New to me, Warminster’s Dr Zebo’s Wheezy Club was up next, proving the timelessness of classic olde timey Americana. They were a highly skilled trio, guitarist, double-bass and fiddle authenticity breathed life in 1920s swing, tango, and a touch of bluegrass. Something different and welcomed, Tom Waits covers and revised banned rarities, shockingly more effective than it sounds.

With the only warning from “voice of Devizes,” compere Ian Diddams, we were next whisked away to Irish taverns with popular flute and guitar combo, The Celtic Roots Collective, who never fail to engage an audience with isometric Irish folk dance, and seem to me to improve tenfold with every day that passes.

Headlining was the rock classic covers band, Triple JD, from Chippenham, yet a welcomed and regular feature of Devizes’ Southgate’s never-ending musical rota. Cover bands aplenty and available for hire, but if you want something mindblowingly above average, Triple JD put the overtime in. Even dropped from four-piece to three on this occasion, sublime covers of Cream, Deep Purple et al, came thick, fast and acutely delivered with unsurpassed accuracy. But it’s the plethora of Hendrix classics which both dominate the set, and astound; any band who can do that without offending the legend is a cut far above the rest, and Triple JD really push the boundaries of what a cover band should produce.

And so came the end of a hugely successful and highly entertaining day here in Devizes, putting The Beer & Cider Festival firmly back on the event calendar, where it so obviously belongs. It’s affordable, enjoyable through variety, and it’s already historically bookmarked, yesterday served only to reaffirm it.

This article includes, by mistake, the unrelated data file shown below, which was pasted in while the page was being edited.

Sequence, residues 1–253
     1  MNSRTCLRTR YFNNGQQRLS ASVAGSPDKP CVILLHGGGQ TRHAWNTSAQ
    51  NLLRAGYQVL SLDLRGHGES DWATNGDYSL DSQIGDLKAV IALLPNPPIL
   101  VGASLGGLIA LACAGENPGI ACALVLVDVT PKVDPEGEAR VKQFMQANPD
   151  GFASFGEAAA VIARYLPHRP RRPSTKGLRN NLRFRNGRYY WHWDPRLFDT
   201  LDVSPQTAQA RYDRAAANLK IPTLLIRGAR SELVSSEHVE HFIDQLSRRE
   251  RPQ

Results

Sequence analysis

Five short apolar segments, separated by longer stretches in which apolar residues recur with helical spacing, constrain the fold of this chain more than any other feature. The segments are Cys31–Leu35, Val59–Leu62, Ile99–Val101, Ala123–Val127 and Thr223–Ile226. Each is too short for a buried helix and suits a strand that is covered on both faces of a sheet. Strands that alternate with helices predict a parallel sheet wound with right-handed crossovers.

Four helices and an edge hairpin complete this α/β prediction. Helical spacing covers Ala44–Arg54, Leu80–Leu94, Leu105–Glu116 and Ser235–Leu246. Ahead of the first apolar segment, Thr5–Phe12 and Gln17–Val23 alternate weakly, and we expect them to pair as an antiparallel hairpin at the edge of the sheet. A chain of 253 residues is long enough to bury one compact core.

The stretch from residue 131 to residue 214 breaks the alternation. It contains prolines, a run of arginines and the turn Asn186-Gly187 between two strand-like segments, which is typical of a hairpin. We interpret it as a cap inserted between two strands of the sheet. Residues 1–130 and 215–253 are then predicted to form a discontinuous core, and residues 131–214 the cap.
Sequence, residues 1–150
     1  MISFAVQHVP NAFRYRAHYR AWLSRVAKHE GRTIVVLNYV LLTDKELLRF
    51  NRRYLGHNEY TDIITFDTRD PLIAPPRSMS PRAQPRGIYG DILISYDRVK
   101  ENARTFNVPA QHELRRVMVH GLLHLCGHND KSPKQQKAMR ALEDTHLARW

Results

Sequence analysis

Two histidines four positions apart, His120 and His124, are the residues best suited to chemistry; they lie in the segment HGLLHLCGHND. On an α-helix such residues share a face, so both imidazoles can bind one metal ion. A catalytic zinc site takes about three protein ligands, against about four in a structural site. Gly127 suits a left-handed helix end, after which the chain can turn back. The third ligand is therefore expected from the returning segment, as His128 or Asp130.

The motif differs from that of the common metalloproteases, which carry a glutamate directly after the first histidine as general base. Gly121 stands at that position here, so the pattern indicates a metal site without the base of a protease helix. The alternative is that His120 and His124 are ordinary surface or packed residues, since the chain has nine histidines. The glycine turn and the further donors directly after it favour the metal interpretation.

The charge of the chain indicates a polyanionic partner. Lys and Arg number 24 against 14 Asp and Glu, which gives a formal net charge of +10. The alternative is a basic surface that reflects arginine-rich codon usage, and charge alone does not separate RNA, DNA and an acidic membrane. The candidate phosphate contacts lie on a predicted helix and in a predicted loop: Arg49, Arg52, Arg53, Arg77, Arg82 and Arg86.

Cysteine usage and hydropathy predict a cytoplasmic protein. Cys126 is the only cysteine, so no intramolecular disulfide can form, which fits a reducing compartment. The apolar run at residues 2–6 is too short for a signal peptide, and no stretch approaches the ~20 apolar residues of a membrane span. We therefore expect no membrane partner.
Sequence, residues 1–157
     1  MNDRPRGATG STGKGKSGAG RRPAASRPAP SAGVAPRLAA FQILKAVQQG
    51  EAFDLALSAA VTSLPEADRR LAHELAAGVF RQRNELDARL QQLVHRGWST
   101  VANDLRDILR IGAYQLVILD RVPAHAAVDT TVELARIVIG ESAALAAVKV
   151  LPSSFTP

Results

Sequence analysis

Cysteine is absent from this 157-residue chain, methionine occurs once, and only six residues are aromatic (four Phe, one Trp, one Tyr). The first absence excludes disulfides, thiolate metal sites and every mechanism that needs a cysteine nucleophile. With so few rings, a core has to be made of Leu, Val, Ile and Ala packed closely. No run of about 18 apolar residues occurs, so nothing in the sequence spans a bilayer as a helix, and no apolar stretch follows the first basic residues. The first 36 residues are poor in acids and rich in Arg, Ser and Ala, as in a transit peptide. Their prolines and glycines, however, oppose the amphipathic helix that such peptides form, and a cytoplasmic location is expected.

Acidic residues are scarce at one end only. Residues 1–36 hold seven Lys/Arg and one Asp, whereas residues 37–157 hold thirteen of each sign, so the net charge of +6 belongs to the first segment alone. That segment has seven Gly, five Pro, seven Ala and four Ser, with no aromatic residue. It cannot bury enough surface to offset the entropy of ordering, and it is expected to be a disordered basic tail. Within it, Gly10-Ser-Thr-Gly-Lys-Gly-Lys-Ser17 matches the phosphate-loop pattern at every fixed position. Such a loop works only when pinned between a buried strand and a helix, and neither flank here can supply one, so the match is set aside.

It’s not really a reggae crowd,”  Nick Newman professed to me, “so, we’re just going to play some Bob Marley and popular tunes.” But if the finale was the wildcard, it proved though a show of heavy dubplates might be niche, everybody loves reggae and it moves the crowd like nothing else.

Dancing broke out across the Wharf as Knati P and Nick Razah did their sound system ting. Knati toasting the crowd, a majority perhaps unaware of “rewind” Jamaican DJ methods, but nevertheless feeling the vibes of a set akin to a breif history of everything that’s great about reggae, from Marley to Millie Small, from Two-Tone to contemporary subgenres, like Groove Amarda. In this they showcased the diversity of a misunderstood genre around these backwaters; causing me to uncaringly spill my cider down my t-shirt in gyrating to the Wailers inaugural ska hit, Simmer Down!

And on that point, it surely clarifies my point about Ben and Victoria’s devotion to bring as larger quality and variety to the music program as the selection of beers and ciders, in what was the perfect denouement to a wonderful evening; in my honest opinion, naturally!


Back at th’ Argy Bargee

Ahoy, took a journey across the downs to Honeystreet Saturday, the ol’ stomping ground never looked so good.

Amidst affluent villages of the Marlborough Downs few pockets of counter culture hide. Notably, none more renowned than The Barge at Honeystreet.

With memorable days of yore, the pub, its adjoining wharf and campsite has always thrived with the spirit of a mini festival. If this lively reputation has been dubious recently, with changes of ownership and a community buyout, it’s now confirmed; the once jewel in our live music scene has regained its dynamism and essence.

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On adding gigs to our calendar, I’d noticed a consistent drift of local acts adding regular nights at this scenic old mill house, and with our prime sound system attending Saturday, I couldn’t hold back any longer, the desire to investigate was paramount; fetch my tie-dye tee.

Rammed carpark, a straggler sitting on a sarsen stone with a can of Strongbow took it upon himself to police parking, and kindly directed me back towards the sawmill. Sauntering the track on foot, familiar sounds of a gypsy boater’s haven blessed my ears; jolly laughter, dogs barking and the compulsory thunder of bass.